Though they have won each step of the way, the gay couples challenging Utah’s ban on same-sex marriage will join their adversaries in asking the Supreme Court to make theirs the case for deciding whether states must license gay marriages.
The development is intended to persuade the Supreme Court to take up the issue quickly, and it reflects a feeling among some gay rights groups that the justices are inclined to vote their way.
Utah already has filed a petition with the court asking it to review the decision of the U.S. Court of Appeals for the 10th Circuit, which upheld a district court’s ruling that the state’s ban was unconstitutional.
The winners in a case do not usually advocate for Supreme Court review. But Neal Katyal, a former acting solicitor general who is now part of the legal team representing the gay couples, said his clients agree the issue can only be settled by the justices.
“We plan to have it teed up” for the court to consider in late September, which would allow the issue to be decided next year if the court agrees to hear it, he said.
As a practical matter, the Supreme Court already has said that same-sex marriages may not be performed in Utah for now, and they would seem unlikely to resume until the high court acts on the constitutional question of whether marriage can be denied to same-sex couples.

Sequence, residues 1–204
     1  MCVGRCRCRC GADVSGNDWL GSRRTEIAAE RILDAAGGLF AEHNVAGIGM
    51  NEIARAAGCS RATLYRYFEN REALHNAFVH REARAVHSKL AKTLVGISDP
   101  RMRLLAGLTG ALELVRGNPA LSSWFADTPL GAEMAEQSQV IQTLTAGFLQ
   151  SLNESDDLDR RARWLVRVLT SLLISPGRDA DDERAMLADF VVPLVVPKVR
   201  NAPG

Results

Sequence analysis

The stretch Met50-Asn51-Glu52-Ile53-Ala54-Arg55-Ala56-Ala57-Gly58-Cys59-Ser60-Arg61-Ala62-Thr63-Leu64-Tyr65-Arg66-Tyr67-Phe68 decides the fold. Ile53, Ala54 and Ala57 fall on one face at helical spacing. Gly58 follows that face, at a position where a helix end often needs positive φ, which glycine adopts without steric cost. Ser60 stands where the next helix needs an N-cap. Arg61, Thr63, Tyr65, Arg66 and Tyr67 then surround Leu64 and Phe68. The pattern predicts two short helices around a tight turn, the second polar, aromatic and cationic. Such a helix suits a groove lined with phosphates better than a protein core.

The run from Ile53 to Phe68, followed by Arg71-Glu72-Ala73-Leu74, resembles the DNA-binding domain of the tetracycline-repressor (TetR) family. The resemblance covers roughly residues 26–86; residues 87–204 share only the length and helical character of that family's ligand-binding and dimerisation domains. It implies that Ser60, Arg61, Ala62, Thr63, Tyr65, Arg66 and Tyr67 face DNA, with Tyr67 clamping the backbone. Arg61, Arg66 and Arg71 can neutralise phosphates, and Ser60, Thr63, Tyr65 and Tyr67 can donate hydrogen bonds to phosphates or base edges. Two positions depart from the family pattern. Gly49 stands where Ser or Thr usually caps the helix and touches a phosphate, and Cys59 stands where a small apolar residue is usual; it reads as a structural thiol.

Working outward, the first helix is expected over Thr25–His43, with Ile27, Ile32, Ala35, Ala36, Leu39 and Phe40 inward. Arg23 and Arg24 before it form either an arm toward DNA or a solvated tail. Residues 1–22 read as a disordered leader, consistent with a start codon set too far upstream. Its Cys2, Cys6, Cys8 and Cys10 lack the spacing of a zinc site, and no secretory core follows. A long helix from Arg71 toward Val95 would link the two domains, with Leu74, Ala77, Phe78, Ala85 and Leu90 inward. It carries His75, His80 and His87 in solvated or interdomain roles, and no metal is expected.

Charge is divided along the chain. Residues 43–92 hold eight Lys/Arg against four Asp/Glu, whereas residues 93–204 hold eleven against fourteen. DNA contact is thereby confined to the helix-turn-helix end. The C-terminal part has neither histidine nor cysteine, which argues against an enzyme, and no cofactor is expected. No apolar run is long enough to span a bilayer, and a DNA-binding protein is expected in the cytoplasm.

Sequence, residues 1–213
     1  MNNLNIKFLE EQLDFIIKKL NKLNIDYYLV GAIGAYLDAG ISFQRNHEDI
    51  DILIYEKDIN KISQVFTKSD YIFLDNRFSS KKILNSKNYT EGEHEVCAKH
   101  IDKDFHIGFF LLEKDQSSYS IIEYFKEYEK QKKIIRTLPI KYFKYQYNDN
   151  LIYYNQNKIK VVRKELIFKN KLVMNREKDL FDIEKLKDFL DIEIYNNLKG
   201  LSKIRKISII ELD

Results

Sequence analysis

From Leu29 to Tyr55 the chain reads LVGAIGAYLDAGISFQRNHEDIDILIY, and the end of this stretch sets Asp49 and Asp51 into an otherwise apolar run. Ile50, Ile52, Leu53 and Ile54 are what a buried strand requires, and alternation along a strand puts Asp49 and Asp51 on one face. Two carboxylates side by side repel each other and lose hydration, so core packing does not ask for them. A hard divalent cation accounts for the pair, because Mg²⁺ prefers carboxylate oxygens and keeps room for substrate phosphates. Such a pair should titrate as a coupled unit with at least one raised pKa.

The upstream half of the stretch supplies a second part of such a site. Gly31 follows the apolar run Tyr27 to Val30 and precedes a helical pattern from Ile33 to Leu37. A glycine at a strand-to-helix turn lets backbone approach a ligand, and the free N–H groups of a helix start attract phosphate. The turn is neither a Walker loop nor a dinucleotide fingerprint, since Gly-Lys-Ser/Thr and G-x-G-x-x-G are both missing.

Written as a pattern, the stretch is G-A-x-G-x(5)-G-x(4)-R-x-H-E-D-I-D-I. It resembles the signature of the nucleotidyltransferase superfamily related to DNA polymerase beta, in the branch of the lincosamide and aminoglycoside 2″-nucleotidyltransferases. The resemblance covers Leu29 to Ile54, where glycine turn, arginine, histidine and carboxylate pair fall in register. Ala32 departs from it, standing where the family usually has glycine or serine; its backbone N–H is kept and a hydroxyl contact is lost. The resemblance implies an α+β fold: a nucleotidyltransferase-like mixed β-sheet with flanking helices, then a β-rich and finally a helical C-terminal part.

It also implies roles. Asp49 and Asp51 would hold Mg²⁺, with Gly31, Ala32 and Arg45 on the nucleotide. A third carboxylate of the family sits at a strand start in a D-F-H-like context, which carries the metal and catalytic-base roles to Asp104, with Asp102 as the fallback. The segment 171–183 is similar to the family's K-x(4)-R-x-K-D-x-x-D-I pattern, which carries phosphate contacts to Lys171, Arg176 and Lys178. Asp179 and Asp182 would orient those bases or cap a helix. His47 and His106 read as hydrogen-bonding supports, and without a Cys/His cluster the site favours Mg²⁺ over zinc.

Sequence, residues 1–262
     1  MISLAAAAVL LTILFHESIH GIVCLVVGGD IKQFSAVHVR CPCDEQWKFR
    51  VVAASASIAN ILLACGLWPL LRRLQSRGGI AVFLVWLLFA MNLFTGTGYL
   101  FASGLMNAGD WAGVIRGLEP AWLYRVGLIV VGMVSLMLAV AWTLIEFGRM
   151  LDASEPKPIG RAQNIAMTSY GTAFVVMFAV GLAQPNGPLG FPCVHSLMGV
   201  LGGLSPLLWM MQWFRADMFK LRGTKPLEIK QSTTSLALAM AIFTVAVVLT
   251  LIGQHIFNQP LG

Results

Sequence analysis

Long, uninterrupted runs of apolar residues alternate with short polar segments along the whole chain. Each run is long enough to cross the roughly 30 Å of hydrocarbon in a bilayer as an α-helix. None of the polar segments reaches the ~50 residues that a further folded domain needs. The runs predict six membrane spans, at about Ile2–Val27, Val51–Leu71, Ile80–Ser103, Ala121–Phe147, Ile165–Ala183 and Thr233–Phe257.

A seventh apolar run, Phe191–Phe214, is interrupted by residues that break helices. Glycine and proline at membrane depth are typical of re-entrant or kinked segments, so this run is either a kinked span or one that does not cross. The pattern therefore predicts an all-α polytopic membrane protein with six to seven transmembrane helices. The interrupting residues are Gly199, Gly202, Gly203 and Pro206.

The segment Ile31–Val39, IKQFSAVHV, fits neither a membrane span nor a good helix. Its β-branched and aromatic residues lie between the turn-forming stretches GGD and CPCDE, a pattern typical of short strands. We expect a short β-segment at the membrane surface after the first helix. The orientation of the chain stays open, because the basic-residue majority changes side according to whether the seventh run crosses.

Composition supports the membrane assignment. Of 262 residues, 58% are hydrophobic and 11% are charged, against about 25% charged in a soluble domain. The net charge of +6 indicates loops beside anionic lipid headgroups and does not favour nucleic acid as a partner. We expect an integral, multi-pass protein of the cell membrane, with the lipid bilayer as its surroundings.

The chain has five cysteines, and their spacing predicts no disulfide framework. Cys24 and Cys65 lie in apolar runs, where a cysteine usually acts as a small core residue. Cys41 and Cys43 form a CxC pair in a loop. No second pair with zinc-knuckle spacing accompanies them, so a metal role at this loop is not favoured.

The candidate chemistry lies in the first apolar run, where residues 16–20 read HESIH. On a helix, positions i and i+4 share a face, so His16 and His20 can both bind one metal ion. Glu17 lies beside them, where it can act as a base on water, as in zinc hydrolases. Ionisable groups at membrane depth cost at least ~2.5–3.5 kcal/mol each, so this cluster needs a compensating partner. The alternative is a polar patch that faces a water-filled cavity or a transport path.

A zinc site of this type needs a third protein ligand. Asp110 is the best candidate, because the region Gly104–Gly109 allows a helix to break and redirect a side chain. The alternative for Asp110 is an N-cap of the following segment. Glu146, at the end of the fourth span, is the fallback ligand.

Utah is not the only state that wants to bring the issue to the court. Virginia plans to file a petition with the court on Friday that will ask the court to take its case even though Attorney General Mark R. Herring (D) has said he thinks an appeals court was right to strike down the commonwealth’s ban.
Virginia’s case is unusual because Gov. Terry McAuliffe (D) and Herring thought the law was unconstitutional and joined the gay couples challenging it. A district judge and then a panel of the U.S. Court of Appeals for the 4th Circuit agreed with the challengers.
But Herring is urging the appeals court to stay its order allowing marriages, saying the decision should be made by the nation’s highest court.
Virginia’s law is being defended by private lawyers for a county clerk who issues marriage licenses.
Theodore Olson, one of the attorneys representing the gay couples who brought the challenge to Virginia’s laws, said his clients were discussing “all the possibilities, including acquiescence” to asking the Supreme Court to take the case.
Additionally, Oklahoma has appealed a loss to the Supreme Court.
The justices are under no obligation to take any of the cases and can hold the petitions for an indefinite amount of time if they want to see how other appeals courtsrule.
The most certain development to assure the court would accept the issue sooner rather than later would be a split among the appeals courts considering decisions striking the bans.
Rulings in four states went before a skeptical panel of the U.S. Court of Appeals for the 6th Circuit on Wednesday, and three other appeals courts will consider the issue in the next six weeks.
Katyal said there is a perception that states are racing to get their cases to the Supreme Court. But he said the team representing the Utah plaintiffs, which includes private lawyers in that state and the National Center for Lesbian Rights, “are not here to bump out other folks.”